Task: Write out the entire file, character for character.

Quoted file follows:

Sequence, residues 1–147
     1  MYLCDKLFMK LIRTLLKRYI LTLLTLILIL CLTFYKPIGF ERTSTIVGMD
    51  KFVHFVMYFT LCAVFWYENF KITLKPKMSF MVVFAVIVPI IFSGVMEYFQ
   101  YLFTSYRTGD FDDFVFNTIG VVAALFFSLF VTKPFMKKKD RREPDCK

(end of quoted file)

Sequence, residues 1–147
     1  MYLCDKLFMK LIRTLLKRYI LTLLTLILIL CLTFYKPIGF ERTSTIVGMD
    51  KFVHFVMYFT LCAVFWYENF KITLKPKMSF MVVFAVIVPI IFSGVMEYFQ
   101  YLFTSYRTGD FDDFVFNTIG VVAALFFSLF VTKPFMKKKD RREPDCK